National children’s charity Lifelites has donated a package of specialist technologies for children at Zoë’s Place Baby Hospice in Coventry
The children who visit the hospice will be able to use the equipment to play games, be creative and communicate with their families, something which may be impossible for them to do otherwise.
The package of equipment and services – which is worth £50,000 over its four year lifespan – was donated completely free of charge by Lifelites. The charity also provides ongoing technical support and training for the hospice staff.
The charity was able to donate the equipment due to the generosity of donors. For this project, money was donated by the Warwickshire Freemasons, as well as the Khoo Teck Puat Foundation, GamesAid, Microsoft and Children with Cancer UK.
One of the pieces of equipment donated was a Magic Carpet. This is a portable box which projects an image on to the floor, a wheelchair or a bed, which children can interact with. This technology gives them the chance to escape the confines of their condition and play one of the many games or animations, such as playing football or splashing in the sea.
The children also received an Eyegaze. This is a piece of equipment which allows those with limited mobility to control a computer using just their eyes. By using the Eyegaze, children who struggle to communicate with their family and their carers are able to do so – often for the first time.
Other items donated include iPads, cameras and touchscreen computers along with lots of games and other software specially designed to be accessible for children with disabilities.
After two days of staff training, families, donors and hospice staff gathered to celebrate the occasion and to officially hand the equipment over to the children at the hospice.
Clare Walton, senior care assistant at Zoë’s Place said: 'The eye gaze equipment will revolutionise the experience that many of our children will have here at Zoë’s Place Baby Hospice. It has already been fantastic to see a glimpse of their full potential and it has been wonderful for the parents to witness just what their children are capable of. It is incredible for the staff and parents to be able to communicate with the children on a far deeper level than we have been able to without this equipment.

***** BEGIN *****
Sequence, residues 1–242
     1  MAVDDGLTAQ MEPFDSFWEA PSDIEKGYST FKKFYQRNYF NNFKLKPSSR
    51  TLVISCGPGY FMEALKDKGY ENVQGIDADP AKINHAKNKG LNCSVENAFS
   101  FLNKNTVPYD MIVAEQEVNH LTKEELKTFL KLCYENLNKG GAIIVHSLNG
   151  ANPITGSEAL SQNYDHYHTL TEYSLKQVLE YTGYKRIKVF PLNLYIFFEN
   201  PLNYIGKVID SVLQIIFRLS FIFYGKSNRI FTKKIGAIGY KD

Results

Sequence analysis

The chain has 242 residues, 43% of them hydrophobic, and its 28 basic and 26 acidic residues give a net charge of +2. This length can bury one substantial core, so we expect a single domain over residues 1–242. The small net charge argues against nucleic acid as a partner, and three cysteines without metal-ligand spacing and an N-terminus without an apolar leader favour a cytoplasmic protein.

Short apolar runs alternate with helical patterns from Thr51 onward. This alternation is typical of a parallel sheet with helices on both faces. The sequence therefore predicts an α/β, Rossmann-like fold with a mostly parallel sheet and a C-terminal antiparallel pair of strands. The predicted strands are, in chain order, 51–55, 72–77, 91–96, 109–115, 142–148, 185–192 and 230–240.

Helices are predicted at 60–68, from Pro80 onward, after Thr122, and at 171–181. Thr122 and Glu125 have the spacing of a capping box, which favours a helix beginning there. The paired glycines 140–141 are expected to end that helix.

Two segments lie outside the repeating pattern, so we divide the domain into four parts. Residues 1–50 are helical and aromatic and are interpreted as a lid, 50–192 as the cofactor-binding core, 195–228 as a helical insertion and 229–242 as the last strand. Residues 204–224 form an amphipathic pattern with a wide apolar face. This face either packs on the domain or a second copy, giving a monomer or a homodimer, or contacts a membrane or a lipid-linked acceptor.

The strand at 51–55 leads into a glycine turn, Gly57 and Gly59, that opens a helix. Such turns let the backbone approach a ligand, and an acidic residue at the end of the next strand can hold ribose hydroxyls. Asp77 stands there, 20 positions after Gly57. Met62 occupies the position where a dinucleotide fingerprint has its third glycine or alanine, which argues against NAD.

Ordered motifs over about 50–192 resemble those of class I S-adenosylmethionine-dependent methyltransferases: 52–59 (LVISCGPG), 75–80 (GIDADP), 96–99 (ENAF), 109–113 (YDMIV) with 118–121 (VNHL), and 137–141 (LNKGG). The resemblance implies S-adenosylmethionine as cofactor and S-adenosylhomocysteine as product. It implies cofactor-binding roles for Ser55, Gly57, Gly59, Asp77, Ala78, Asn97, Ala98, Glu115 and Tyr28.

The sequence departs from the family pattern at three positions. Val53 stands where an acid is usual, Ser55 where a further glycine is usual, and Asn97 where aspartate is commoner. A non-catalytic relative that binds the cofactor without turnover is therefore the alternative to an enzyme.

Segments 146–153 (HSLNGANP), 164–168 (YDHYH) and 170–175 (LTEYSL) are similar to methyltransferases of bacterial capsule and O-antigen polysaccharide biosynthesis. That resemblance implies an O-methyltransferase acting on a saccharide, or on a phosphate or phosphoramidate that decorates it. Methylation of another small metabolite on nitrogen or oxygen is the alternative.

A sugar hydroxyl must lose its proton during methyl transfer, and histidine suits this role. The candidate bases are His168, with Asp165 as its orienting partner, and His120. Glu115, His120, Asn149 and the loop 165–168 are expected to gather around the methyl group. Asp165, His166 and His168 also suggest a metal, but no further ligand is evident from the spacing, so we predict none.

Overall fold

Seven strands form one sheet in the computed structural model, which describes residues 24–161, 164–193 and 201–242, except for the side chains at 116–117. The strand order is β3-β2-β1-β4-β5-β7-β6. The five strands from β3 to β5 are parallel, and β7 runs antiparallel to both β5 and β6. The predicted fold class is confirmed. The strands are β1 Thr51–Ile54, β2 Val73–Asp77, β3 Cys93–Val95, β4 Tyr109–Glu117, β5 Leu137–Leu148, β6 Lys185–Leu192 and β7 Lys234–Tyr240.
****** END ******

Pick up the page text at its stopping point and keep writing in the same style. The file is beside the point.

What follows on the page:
'The equipment has so many applications for us and a child can use it for leisure time, completing school work and general communication. It is very easy and intuitive to use and we are currently rolling out the training to all of our staff. We are so thrilled to have this and cannot thank everyone enough who made it happen.'
Simone Enefer-Doy, Chief Executive of Lifelites said: 'We are thrilled to be able to provide equipment for the children at Zoë’s Place who have life-limiting, life-threatening and disabling conditions. The magical technology we have donated can be used to play, to be creative and communicate, and enrich the lives of these children and their families, for as long as is possible. We couldn’t have provided this package if it wasn’t for the generosity of our donors, so for this we are incredibly grateful.'
Lifelites has donated equipment to every children’s hospice in the British Isles over the last 16 years, and continues to provide new technology and ongoing support to ensure that children in hospices have unlimited possibilities.
Stay, play and learn
Three Zoë’s Place Baby Hospices are to receive packages of fun technology thanks to Lifelites.
The first was delivered to the Middlesbrough Hospice and contained an array of technology devices designed for babies and disabled youngsters. Simone Enefer-Doy, chief executive of Lifelites, says: ‘This is a great start to 2013 – we’re so pleased to turn our technological expertise to providing these babies and toddlers with new opportunities.’
A total of 13 children’s hospices will benefit from a Lifelites package this year, thanks to the Thomas Cook Children’s Charity, which made a £60,000 donation towards the technology charity’s projects. A Lifelites package at each site costs around £37,500 to install and maintain over four years.
Lifelites was founded as a Millennium Project in 1999 and became a separate but subsidiary charity of the RMTGB in 2006, and continues to benefit from RMTGB support. Lifelites does not receive any central masonic funds, but raises money from different sources.
Masons make up the vast majority of Lifelites’ technical support volunteers for the projects it undertakes in children’s hospices.